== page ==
Chapter 4 discusses I/O timing in the HDL description and different models of equivalence between the pre- and post-synthesis designs. These interactions have important competences for the ways in which HDL descriptions can be written and synthesized.
Chapter 5 describes ways in which you can drive Behavioral Compiler by using commands and directives. This complements the discussion of Chapters 3 and 4, which show how to achieve specific goals using HDL semantics only.
Chapter 6 gives a description of the kind of output the user of behavioral synthesis can expect to see. This chapter necessarily relies most heavily on the current Synopsys product, but the general strategy and descriptions of basic reporting styles should prove useful beyond that context as well.

The latter part of this book is divided into case studies; each has been chosen for its ability to illustrate some important feature of behavioral synthesis or of the overall process. The case studies presented here are also included on the diskette that accompanies this book; you can study them, simulate them, synthesize them, and change them as you will. The examples used are the following.
Chapter 7 describes an FIR filter, which illustrates a basic behavioral description style for cycle-fixed I/O mode and the construction of handshaking I/O protocol. More advanced performance- tuning techniques are also used, including the use pipelined components.
Chapter 8 describes an IIR filter, which illustrates basic behavioral specification style for cycle-fixed I/O mode and the construction of handshaking I/O protocol. More advanced performance- tuning techniques are also use, including the use of pipelined components.
Chapter 9 describes an inverse discrete cosine transform This chapter begins with a small program fragment (a pair of matrix multiplications) written in C, and then gradually transforms it from a naive translation that doesn't work very well into a much more sophisticated version. This example also provides you with experience in using memories.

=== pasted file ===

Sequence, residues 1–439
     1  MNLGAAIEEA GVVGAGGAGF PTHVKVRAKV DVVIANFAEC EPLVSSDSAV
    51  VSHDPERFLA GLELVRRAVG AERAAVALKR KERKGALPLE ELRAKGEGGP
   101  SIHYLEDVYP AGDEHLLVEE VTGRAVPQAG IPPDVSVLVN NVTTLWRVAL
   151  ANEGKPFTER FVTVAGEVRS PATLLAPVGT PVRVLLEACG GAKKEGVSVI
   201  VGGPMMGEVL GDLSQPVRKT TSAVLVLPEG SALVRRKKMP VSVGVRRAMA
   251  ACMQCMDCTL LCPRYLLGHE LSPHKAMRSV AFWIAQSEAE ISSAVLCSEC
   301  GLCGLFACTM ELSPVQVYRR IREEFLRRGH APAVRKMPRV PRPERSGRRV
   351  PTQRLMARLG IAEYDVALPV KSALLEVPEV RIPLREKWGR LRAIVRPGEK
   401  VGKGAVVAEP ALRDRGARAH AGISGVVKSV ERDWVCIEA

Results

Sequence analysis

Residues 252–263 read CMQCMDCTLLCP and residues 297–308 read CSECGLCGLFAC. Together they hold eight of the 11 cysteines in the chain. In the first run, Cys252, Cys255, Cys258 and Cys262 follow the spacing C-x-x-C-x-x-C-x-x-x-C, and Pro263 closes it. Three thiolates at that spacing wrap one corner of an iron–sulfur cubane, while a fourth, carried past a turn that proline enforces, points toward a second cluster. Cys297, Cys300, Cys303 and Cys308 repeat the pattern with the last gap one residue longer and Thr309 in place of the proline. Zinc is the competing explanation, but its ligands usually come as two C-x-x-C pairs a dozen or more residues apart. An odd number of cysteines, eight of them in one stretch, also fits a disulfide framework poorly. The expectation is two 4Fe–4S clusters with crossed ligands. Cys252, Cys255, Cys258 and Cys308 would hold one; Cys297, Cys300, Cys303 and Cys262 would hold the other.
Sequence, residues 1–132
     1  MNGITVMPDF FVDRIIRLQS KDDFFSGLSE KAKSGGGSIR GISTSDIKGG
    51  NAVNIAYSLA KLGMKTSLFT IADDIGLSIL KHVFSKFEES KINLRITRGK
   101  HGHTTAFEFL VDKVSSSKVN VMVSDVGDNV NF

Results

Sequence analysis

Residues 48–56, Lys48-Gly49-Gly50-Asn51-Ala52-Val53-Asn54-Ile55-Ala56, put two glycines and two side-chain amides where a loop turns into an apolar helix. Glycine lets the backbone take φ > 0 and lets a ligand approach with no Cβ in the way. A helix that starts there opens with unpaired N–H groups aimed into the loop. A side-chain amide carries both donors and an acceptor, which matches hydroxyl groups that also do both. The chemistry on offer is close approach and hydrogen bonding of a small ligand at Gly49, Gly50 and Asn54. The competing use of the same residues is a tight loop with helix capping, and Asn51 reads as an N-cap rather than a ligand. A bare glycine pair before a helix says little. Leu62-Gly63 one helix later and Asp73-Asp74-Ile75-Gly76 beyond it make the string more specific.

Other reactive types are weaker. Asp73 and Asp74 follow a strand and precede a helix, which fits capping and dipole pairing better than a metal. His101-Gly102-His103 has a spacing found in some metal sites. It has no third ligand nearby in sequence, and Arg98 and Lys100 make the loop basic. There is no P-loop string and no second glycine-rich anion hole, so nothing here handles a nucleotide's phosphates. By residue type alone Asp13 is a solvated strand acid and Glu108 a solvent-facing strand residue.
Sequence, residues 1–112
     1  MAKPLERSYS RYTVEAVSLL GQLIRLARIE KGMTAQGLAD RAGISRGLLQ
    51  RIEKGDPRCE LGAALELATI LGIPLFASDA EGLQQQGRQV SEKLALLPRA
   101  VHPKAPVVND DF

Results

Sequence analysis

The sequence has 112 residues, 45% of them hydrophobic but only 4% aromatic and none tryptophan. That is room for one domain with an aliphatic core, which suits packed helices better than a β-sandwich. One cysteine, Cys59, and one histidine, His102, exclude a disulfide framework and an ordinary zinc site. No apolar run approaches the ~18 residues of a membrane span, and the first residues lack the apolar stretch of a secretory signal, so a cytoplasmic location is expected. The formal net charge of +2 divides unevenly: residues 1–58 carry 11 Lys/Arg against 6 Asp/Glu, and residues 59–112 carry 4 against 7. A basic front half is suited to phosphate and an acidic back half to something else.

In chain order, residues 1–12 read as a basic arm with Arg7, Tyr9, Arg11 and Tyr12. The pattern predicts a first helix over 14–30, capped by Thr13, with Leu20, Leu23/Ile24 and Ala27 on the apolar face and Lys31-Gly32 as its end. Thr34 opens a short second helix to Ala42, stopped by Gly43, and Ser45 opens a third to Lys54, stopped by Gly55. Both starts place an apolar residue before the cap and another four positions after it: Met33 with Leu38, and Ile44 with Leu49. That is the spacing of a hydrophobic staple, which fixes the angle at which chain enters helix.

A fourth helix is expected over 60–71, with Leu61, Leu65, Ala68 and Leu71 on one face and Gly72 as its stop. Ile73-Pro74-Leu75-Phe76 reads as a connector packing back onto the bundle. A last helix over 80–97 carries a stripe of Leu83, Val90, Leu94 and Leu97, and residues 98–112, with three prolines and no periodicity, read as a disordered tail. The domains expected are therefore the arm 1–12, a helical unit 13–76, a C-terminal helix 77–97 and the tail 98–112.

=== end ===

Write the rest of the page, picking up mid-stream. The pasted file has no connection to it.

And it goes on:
Chapter 10 describes the Data Encryption Standard, which illustrates the synthesis of a design consisting almost entirely of random logic. This example also shows the use of DesignWare to encapsulate random logic for sharing.
Chapter 11 describes a packet router, which is an example of control-dominated design with memory.

There are also two appendices. Appendix A gives a brief description of the use of DesignWare in conjunction with the other Synopsys tools; and Appendix B gives an overview of the synthesizable subsets of VHDL and Verilog that are supported by the current Synopsys products.

Typographical conventions.
It is usually pretty obvious when a word or other symbol is coming from a different language or namespace than that of the base text. For example, if I use the term "entity" in the context of a VHDL hardware description, most readers will not be fooled: they won't go looking for the definition of "entity" in a dictionary. Instead, they will semi-automatically refer to the namespace of VHDL constructs. This is just common sense and shared background.
I have therefore relied on the following guideline: where the namespace of a symbol is ambiguous, and there is a sense under which the ambiguity might be resolved incorrectly, I will use a different font to indicate that the symbol is taken from another namespace than that of written English. For example, I might discuss the architecture of a CPU; here there is an ambiguity, because I might mean either the VHDL architecture, which is taken from VHDL construct. Sometimes it might not matter: a VHDL loop is in most cases just another loop, and deserves no special treatment. In such a case I will use the convention that makes the text flow most smoothly.
The other case where I will use typography to set off a symbol taken from a non-English namespace is where a sentence might become awkward or grammatically incorrect if the symbol is not set off in some way. For example, in this sentence the mathematical variable a would look very strange if it were not set in italics, and the VHDL variable index would be misleading without the special font.